§ Mr. MAURICE HEALY
asked the Home Secretary whether Mr. Jeremiah Lynch, at present imprisoned in Dartmoor, who was sentenced in connection with the recent rising in Dublin, has been deprived of flannels though ordered to wear them by his doctor; whether the prison doctor has sanctioned this deprivation; whether, owing to impaired digestion, he is unable to eat the food supplied at dinner and has to eat the remains of the porridge sup- 620W plied at breakfast; and whether a medical report as to this prisoner's health will be called for?
This prisoner was supplied with flannel underclothing on reception, and has made no request for alteration or addition to his clothing. An alteration of his diet has been made on the recommendation of the medical officer. One pint of porridge is served to him at dinner in lieu of meat which he does not care for and which he returned. The medical officer reports that apart from digestive trouble his general health is satisfactory.
§ Mr. DUFFY
asked the Home Secretary whether he is aware that the view held generally in Ireland that the continued imprisonment of political prisoners at Frongoch is a fruitful policy leading to unrest and exasperation, and certain to keep open the sore created by the Easter Week disturbances in Ireland; whether representations have been made to him respecting the cases of John Kilkelly, John Glyn, Patrick Hansberry, John Burke, John Whelan, and David Hanlon, from the Kinvarra district, county Gal-way; and whether he will review their cases with a view to their discharge?
With regard to the first part of the question, I v, would refer the hon. Member to what my right hon. Friend the Chief Secretary and I said in the course of the Debate on 18th October. With regard to the second part, I had received no representations about the men mentioned before the question appeared on the Paper; but their cases are now being dealt with in accordance with the general statement which I made in this House on 10th October in reply to a question by the hon. Member for North Galway.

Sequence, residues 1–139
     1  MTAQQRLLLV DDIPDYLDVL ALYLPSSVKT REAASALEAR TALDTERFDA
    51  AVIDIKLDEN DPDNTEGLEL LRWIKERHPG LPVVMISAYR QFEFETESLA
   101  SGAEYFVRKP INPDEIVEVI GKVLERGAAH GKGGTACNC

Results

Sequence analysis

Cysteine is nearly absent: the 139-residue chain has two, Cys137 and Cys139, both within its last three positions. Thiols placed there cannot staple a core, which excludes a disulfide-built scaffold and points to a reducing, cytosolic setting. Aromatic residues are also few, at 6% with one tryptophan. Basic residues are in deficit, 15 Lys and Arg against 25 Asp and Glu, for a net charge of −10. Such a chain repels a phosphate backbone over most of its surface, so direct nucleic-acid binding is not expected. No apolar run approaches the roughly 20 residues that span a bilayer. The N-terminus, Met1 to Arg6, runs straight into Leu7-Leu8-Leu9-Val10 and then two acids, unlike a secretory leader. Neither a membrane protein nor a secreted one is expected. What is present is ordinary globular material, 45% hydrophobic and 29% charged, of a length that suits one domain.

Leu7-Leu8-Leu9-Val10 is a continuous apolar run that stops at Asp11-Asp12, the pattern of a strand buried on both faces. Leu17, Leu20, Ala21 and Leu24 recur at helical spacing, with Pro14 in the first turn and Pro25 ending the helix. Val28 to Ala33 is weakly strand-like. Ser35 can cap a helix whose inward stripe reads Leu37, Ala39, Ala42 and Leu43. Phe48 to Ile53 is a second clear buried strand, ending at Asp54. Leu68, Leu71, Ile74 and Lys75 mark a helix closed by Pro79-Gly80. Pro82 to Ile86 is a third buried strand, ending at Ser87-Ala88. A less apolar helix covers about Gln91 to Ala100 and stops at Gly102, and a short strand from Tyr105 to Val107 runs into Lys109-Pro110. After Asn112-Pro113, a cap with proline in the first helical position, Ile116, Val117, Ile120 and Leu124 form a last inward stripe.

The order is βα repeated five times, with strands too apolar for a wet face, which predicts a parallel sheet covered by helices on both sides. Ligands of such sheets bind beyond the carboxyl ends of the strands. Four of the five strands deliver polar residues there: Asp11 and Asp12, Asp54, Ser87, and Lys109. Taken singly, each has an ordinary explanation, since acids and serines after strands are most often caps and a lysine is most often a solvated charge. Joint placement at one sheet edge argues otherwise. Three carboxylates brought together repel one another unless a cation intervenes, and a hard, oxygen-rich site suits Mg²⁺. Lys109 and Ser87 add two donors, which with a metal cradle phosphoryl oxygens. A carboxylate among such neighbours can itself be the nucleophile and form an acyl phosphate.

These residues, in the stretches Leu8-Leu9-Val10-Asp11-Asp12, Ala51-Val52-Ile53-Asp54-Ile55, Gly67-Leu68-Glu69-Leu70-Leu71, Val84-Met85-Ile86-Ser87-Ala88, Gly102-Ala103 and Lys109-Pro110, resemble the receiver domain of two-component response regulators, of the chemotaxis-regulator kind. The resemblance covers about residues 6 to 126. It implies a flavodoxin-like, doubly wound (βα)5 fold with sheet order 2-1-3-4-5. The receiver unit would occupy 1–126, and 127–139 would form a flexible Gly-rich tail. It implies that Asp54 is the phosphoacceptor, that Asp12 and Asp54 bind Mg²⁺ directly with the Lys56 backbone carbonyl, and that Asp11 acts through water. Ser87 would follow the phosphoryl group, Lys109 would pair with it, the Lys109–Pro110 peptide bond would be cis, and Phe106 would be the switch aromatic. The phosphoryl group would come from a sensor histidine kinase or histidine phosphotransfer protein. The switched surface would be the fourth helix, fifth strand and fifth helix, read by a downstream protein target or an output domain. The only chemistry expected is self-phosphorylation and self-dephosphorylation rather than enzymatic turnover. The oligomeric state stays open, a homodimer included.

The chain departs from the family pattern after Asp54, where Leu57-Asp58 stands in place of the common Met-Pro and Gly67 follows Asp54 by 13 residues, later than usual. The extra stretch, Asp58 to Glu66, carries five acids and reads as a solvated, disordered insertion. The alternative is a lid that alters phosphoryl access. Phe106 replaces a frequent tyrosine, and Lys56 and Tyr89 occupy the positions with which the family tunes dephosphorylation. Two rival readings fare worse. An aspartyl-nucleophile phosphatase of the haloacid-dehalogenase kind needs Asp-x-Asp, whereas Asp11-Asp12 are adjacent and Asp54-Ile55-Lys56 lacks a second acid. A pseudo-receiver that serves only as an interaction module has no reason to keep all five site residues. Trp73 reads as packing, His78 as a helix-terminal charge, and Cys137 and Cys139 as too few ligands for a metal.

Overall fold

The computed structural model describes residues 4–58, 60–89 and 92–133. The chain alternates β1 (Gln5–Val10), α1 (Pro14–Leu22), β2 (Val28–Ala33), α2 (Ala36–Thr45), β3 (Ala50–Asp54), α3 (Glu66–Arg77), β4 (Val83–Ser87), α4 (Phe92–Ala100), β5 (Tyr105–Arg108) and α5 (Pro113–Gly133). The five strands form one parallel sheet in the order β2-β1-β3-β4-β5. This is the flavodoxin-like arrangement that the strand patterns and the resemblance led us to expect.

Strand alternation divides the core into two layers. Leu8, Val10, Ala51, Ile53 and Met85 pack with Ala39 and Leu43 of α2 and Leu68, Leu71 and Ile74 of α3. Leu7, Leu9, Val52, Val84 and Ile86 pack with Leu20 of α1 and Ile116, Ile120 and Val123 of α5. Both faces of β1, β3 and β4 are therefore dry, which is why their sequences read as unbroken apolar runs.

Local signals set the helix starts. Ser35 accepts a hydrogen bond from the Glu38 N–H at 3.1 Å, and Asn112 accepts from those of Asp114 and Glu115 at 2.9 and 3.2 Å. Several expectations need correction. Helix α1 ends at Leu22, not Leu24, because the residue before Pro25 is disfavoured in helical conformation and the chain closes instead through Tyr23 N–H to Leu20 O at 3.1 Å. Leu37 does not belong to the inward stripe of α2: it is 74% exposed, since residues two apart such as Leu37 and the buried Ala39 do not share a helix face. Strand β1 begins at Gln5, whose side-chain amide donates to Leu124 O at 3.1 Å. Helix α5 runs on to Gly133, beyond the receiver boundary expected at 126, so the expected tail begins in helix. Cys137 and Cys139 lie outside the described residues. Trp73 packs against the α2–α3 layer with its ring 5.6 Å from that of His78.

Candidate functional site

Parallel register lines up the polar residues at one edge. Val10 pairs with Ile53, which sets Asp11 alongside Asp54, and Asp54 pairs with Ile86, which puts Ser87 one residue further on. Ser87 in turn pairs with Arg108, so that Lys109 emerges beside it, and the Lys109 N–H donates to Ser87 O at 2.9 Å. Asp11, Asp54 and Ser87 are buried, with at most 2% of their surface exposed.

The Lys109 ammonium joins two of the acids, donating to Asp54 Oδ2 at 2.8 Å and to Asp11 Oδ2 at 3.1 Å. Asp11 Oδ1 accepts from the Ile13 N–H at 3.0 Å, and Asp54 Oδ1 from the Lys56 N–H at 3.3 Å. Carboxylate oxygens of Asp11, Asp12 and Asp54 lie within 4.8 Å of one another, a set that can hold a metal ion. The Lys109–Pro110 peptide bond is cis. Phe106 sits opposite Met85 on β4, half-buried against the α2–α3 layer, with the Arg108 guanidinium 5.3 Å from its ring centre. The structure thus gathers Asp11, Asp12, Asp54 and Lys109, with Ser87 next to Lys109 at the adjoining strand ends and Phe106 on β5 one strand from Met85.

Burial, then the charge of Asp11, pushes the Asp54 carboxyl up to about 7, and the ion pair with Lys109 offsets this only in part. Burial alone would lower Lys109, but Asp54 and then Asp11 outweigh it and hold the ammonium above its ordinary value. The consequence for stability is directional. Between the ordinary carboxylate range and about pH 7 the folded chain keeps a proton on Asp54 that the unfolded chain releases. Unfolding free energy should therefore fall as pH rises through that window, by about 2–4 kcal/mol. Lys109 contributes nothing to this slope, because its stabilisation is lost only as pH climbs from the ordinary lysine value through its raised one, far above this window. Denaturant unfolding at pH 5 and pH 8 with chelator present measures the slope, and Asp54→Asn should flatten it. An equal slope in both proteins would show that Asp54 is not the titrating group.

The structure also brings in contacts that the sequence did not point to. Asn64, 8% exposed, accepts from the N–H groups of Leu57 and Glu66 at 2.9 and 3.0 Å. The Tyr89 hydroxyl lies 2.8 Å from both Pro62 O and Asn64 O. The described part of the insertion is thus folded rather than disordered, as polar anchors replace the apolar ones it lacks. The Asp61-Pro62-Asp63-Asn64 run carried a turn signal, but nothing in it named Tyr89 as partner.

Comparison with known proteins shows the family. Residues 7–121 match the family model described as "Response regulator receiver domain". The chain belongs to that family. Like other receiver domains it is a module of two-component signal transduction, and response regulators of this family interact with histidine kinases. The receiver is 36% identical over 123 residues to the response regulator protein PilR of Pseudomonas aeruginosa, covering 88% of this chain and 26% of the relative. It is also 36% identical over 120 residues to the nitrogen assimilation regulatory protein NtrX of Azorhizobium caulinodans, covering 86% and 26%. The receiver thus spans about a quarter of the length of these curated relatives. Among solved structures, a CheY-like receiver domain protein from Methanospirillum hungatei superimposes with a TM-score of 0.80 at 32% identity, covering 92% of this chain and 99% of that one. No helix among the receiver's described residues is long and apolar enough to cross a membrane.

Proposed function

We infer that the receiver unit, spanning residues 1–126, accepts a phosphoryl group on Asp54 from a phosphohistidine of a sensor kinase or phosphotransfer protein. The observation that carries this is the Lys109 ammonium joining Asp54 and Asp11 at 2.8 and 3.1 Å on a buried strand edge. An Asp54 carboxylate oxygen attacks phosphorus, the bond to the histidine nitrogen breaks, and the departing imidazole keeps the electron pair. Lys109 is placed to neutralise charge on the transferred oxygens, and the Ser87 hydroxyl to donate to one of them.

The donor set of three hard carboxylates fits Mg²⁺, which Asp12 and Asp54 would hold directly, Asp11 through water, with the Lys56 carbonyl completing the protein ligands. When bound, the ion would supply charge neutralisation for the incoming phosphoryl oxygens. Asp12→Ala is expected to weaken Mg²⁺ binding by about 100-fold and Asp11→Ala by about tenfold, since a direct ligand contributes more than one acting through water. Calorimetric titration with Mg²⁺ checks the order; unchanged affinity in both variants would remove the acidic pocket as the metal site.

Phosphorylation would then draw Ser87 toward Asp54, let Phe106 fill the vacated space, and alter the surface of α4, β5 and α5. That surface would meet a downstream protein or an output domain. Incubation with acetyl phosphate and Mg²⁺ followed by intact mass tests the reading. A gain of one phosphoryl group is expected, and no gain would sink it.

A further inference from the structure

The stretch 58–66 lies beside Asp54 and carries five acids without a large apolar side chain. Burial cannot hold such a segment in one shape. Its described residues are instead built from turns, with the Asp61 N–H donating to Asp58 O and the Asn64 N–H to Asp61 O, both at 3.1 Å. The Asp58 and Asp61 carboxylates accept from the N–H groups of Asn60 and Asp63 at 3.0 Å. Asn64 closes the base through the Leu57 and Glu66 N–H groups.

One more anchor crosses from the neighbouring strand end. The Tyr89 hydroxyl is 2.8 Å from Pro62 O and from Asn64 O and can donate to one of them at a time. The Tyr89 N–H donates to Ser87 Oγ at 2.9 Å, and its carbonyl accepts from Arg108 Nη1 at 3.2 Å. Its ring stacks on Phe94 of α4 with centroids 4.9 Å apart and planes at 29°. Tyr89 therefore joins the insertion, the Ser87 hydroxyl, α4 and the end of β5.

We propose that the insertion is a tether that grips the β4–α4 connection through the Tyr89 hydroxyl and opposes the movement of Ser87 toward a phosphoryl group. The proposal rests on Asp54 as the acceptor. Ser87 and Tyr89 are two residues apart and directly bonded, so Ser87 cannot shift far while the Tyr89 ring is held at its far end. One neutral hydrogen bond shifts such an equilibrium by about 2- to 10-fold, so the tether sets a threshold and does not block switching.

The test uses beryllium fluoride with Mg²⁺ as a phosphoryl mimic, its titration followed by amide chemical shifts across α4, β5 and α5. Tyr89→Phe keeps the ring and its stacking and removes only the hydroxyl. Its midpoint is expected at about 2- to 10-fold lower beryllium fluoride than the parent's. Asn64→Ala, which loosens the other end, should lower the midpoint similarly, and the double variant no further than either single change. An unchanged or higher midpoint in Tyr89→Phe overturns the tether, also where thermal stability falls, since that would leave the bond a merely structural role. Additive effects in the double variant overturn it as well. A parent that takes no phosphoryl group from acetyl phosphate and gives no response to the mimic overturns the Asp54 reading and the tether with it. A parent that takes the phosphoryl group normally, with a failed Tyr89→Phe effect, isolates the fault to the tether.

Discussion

asked the Home Secretary if he will make a classified statement of the kinds of work imposed on the prisoners now in penal servitude as a result of being sentenced by courts-martial for connection with the recent rebellion in Ireland?
The prisoners at port-land are employed on—
Coal sack making … … 25 Horse halter making … … 6 Mailbag making … … 22 In hospital … … 4 Bookbinding … … 3 57
Those at Dartmoor on— Mailbag making … … 40 Halter making … … 18 In hospital … … 4 62
and 3 at Maidstone on bookbinding.
§ Mr. LYNCH
asked the Chief Secretary whether, having regard to the larger interests of public policy, he will pass in review the whole situation of Irish prisoners still incarcerated in connection with the Dublin rebellion; and whether, if he discovers that the present policy of the Government is tending in the opposite direction to that aimed at, he will advise as to the best solution, the withdrawal of martial law, and the proclamation of a general amnesty?
§ Mr. DUKE
Every case of an untried prisoner has been reported on, and some have now been released with proper guarantees for public security. I hope the number will be largely increased. As to the larger question of policy to which the hon. Member refers, I would refer him to the statement of the Prime Minister in Debate on the 18th October last.
§ Mr. LYNCH
asked the Chief Secretary whether he can state the names of all the prisoners, natives of county Clare or arrested in county Clare, in connection with the Dublin rebellion; whether, considering that no disturbance of any kind happened in Clare, he will advise the Government to release these men at once?
§ Mr. DUKE
I am unable to identify with any certainty the prisoners to whom the question refers. It is the fact that there was no rising in county Clare. The cases of all the men now interned have been considered by the Advisory Committee, and they are under further consideration with those of the general body of interned men at the present time.